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Three Questions Before the First Night, by Carson Cooman

Julia Scott Carey -- Piano Concerto

American composer Julia Scott Carey (born 1986), despite her young age, is continuing to build a burgeoning career as a composer of orchestral music. She has received numerous orchestral commissions for works of all kinds, and has compositions that continue to receive repeat performances each year by orchestras around America -- making her one of the most performed young composers today. One of her most-often performed works is for narrator and orchestra, The Legend of Old Befana, based on the Christmas book by Tomie dePaola.

For the 2004-05 season, Carey has served as composer-in-residence for the Etowah Youth Orchestra of Etowah, Alabama, USA. This commendable project by the youth orchestra has allowed the orchestra's young musicians to work closely with Carey in the realization of several of her existing compositions. The residency culminates with the premiere of Carey's new Piano Concerto on the final concert of the season.

Carey's new Piano Concerto will have its world première on 15 May 2005 with the Etowah Youth Orchestra under the direction of Michael Gagliardo.

OneCarson Cooman: Many of your previous works have had programmatic titles or inspirations. Is there any such inspiration behind this new piano concerto?

Julia Scott Carey: My first half dozen or so orchestral works were written for specific orchestras for specific occasions, and, as I was quite young, I frequently found it helpful to consider a literary work or an historical event or site related to the performance. Not only did this very concrete programmatic inspiration help me to think in terms of structure and mood and color, but it also helped in facilitating a connection with the audience. It is my suspicion, however, that a great deal, if not most, music, is 'programmatic', even though not identified as such. The inspiration may be private or personal and never known or drawn from an abstract emotion or idea. The non-musical ideas that contribute, consciously or subconsciously, to musical works generally go unclaimed.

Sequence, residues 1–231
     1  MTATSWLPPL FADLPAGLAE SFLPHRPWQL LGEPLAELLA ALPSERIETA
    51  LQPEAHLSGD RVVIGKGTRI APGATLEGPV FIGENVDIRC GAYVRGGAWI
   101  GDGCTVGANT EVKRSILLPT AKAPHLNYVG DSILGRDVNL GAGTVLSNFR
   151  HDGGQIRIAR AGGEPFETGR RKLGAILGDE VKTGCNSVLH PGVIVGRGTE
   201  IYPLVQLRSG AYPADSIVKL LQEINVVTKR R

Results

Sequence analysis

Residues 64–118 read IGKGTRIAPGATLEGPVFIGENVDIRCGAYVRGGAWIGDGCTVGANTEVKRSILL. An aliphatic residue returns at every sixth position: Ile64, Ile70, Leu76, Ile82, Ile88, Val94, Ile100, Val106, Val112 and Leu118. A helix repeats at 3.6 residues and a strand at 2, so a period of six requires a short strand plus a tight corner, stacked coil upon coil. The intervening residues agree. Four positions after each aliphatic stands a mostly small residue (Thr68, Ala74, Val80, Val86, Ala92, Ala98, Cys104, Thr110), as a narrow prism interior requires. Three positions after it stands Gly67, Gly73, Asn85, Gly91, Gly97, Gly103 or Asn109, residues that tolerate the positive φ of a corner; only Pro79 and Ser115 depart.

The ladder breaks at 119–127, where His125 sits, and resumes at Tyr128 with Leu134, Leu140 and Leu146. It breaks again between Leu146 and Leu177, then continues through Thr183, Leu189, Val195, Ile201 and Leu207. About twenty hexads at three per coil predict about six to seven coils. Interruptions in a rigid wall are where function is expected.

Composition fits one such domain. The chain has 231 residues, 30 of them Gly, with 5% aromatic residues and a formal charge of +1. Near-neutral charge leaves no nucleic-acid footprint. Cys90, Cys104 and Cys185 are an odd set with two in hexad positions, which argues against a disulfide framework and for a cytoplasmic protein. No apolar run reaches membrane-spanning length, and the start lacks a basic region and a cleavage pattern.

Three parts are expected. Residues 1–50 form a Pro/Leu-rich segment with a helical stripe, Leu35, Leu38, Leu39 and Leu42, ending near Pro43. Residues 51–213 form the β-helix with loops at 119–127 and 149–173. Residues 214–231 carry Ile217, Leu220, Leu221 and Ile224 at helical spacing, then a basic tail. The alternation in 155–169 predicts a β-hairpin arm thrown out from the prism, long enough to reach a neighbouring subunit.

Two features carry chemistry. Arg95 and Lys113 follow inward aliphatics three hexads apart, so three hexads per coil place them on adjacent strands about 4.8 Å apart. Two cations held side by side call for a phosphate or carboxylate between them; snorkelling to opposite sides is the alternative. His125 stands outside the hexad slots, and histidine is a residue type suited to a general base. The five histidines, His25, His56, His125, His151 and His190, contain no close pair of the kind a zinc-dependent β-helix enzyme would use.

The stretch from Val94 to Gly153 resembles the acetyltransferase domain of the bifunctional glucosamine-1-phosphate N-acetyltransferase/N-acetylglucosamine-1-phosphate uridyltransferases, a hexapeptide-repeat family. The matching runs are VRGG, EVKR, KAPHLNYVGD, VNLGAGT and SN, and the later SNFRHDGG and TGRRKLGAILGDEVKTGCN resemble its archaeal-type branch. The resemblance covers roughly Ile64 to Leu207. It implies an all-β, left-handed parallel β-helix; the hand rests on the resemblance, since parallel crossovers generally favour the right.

In my piano concerto, as in most of my recent works, the inspiration behind the piece is more abstract. The emotional coloration is without a subject but not without an object, the object being the use of tonal color and shadow to communicate an emotional expression.

TwoCC: Although this is your first concerto with a single soloist, a number of your previous orchestral works have been concertante works with multiple soloists. What is attractive to you about concerti?

JSC: I find concertante works with multiple soloists to be the most exciting format for a composer. The expression can range from the intimacy of a single voice to a tightly-woven chamber group to two battling ensembles to an overwhelming tutti. More than the numerical range in forces used is the range of color, texture, and mood. In this format, it's possible to build not just multiple layers of voices, but also multiple layers of motion and emotion.

Although my piano concerto represents my first concerto with a single soloist, I personally don't view it that way. For me, the piano has always held an entire orchestra within the single instrument.

ThreeCC: You are a pianist yourself and continue to be active as a solo and chamber musician. How did you approach writing a concerto for 'your own' instrument?

JSC: The piano concerto literature has figured in, in fact been central to, my music education. When I sat down to write my piano concerto, I wanted the piano to serve not just as the heart of the piece but also as the wings, empowering, lifting, and directing the orchestra forward. While I was very much aware of the literature, I wanted to make sure that I brought to this traditional format a new voice and a new perspective, and part of that was to utilize the vast variety of voices and nuances and gestures of the instrument itself. I was especially pleased that the comment I received from my soloist on seeing the work for the first time was that the new concerto 'exploits the piano, in the best possible sense'.

Copyright © 26 April 2005 Carson P Cooman, Rochester, NY, USA





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